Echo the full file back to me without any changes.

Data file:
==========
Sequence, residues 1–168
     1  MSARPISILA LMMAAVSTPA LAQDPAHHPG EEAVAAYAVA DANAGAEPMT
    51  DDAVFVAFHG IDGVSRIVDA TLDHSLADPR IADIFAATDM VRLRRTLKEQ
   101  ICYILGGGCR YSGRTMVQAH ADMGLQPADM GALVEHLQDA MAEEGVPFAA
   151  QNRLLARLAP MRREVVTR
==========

Sequence, residues 1–168
     1  MSARPISILA LMMAAVSTPA LAQDPAHHPG EEAVAAYAVA DANAGAEPMT
    51  DDAVFVAFHG IDGVSRIVDA TLDHSLADPR IADIFAATDM VRLRRTLKEQ
   101  ICYILGGGCR YSGRTMVQAH ADMGLQPADM GALVEHLQDA MAEEGVPFAA
   151  QNRLLARLAP MRREVVTR